Sheriff's Department cuts backlog in testing rape kits
Officials at the Los Angeles County Sheriff’s Department have announced that they have completed counting and outsourcing nearly 5,000 backlogged rape kits that sparked controversy in 2008.
The kits still need to be tested and processed, but the Sheriff’s Department is on track to meet that goal in June 2011, spokesman Steve Whitmore said.
“It’s not only a good sign for the Sheriff’s Department, it’s a good sign for the county,” Whitmore said. “Everybody pitched in, and we’re on track. It shows what can be accomplished when everyone says ‘Yes, we’re going to do something.’”
Two years ago, when the number of untested kits was first disclosed, the Los Angeles County Board of Supervisors urged the Sheriff’s Department to eliminate the backlog, and agreed to help pay for the tests through the county’s general fund.
Since then, 4,763 kits have been sent out for testing at various labs, department officials announced earlier this month. Once tested, authorities can search for matches through a national database.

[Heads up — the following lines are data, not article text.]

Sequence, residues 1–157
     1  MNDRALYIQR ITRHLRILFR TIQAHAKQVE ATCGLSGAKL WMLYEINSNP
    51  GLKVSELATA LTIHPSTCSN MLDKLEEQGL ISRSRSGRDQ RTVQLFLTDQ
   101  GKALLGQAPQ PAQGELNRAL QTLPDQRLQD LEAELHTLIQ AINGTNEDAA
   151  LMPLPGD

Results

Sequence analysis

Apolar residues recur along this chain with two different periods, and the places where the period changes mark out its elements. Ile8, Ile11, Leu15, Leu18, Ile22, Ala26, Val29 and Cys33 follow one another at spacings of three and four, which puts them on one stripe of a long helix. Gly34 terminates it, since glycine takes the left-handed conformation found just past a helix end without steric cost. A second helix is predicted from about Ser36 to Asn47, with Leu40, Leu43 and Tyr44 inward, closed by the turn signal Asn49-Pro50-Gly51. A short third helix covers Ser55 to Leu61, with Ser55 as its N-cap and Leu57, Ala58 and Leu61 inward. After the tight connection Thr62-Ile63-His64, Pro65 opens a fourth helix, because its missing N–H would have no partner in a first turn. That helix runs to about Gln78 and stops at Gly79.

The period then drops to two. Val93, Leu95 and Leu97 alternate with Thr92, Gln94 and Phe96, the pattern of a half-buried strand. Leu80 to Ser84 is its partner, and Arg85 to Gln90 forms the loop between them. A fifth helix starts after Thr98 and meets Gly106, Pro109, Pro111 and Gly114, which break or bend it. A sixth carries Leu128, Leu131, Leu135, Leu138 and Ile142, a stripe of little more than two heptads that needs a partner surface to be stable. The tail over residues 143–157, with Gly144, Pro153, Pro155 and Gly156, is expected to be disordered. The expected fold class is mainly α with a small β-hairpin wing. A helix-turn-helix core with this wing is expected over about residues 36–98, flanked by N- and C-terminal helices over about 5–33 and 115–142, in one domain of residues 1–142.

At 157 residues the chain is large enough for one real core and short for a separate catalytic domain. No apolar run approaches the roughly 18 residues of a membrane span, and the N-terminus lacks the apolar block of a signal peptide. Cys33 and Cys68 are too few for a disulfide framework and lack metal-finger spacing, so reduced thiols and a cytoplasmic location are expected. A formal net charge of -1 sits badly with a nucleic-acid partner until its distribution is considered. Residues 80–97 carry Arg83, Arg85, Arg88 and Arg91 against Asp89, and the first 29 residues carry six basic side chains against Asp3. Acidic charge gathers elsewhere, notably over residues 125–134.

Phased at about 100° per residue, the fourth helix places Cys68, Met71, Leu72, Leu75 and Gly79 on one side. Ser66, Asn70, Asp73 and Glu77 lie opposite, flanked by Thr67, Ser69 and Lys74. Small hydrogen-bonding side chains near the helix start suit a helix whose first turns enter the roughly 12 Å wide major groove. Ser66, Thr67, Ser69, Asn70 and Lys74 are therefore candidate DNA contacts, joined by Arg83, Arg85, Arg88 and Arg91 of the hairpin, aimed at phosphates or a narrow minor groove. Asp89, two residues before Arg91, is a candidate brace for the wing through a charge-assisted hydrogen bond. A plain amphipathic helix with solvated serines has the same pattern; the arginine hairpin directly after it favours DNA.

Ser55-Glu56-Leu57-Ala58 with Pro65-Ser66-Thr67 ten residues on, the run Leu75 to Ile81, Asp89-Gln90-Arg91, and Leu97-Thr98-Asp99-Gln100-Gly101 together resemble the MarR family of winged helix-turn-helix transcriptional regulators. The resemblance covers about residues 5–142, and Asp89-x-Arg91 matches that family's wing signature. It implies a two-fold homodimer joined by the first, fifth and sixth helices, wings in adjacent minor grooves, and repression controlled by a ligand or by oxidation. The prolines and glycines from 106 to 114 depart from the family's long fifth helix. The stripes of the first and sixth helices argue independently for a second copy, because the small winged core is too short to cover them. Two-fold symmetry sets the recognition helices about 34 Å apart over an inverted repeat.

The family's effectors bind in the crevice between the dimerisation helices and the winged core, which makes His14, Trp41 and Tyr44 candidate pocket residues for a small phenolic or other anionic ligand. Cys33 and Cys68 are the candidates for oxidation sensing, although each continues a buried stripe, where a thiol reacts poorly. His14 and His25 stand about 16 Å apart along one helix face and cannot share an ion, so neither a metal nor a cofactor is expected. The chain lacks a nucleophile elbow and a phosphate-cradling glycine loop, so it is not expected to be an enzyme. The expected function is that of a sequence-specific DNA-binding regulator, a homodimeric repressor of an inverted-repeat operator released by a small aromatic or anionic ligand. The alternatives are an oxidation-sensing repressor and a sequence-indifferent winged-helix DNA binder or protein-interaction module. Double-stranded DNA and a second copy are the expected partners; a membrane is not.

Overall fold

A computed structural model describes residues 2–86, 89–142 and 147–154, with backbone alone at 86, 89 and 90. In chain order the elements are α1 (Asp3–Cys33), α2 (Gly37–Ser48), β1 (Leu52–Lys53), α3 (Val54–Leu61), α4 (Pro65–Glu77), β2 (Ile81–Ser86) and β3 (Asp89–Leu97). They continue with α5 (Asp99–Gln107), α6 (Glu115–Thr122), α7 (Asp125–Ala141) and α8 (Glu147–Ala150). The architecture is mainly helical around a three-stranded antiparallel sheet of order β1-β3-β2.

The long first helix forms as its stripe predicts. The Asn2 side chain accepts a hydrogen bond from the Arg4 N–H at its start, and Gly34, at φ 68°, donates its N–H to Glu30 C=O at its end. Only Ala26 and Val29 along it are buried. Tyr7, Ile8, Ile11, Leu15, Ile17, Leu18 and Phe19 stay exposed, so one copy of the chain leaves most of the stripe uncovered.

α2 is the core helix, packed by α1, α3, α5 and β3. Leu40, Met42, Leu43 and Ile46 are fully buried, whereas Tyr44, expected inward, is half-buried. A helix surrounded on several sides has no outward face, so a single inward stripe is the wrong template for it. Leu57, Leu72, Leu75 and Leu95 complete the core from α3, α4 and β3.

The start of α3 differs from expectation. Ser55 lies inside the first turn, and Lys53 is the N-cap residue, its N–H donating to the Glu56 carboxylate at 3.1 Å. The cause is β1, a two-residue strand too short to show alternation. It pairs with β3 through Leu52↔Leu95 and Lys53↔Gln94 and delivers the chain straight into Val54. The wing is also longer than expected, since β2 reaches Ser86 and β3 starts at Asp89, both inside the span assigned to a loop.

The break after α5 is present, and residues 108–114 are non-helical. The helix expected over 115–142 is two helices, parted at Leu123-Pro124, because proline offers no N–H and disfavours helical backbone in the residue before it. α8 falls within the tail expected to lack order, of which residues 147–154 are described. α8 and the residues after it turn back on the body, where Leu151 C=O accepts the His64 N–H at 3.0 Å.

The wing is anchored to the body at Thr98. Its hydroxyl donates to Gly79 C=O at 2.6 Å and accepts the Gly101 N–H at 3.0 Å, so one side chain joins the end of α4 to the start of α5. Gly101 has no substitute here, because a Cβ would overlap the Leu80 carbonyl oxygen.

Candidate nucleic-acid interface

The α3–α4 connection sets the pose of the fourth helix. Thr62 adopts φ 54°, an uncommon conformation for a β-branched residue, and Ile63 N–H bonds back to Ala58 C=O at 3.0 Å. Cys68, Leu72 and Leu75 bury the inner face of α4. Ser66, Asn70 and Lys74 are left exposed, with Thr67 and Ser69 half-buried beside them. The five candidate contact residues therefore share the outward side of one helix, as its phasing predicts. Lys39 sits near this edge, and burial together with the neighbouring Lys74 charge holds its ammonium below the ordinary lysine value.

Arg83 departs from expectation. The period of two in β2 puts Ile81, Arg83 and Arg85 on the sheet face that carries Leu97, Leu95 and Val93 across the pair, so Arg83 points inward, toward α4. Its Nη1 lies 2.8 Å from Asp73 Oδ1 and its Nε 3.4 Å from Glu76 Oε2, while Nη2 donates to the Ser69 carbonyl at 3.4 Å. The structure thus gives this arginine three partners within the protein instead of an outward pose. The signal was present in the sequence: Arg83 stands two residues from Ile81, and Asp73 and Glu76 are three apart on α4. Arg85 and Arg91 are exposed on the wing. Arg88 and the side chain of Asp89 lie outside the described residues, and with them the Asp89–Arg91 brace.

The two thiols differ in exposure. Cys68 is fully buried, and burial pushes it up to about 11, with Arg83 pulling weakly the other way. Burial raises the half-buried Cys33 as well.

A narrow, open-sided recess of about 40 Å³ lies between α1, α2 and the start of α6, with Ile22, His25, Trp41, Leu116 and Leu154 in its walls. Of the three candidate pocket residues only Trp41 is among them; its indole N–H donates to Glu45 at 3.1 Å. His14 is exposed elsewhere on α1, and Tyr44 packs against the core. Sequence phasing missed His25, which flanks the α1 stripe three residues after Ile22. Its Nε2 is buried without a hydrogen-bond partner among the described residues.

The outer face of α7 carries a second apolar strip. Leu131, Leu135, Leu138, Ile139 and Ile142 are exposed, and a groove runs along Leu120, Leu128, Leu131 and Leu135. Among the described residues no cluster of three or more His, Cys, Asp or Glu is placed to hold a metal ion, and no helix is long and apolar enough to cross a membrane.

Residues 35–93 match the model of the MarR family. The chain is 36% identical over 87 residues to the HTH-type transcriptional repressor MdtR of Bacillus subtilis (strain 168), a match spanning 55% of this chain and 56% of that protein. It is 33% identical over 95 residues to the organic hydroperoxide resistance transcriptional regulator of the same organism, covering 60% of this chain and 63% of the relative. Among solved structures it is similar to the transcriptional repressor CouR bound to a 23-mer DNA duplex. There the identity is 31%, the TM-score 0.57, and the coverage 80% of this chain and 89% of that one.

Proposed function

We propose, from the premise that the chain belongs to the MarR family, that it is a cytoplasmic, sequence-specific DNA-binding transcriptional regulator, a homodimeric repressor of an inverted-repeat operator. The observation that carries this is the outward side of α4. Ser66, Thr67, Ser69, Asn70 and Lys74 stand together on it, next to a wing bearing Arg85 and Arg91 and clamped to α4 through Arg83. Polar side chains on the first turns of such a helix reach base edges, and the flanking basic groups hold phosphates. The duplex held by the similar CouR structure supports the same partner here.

Supervisor Zev Yaroslavsky said that the backlog was caused by a poor monitoring system, and that a key objective now is to improve the procedure through which the Sheriff’s Department inventories and tests the kits.
The backlog needed to be cleared before a new system could be implemented, he said.
“This is a huge milestone for us,” Yaroslavsky said. “Some of these will produce hits who are rapists who are still walking the streets of California; it’s a treasure trove of opportunity to take dangerous criminals off the streets.”
-- Sam Allen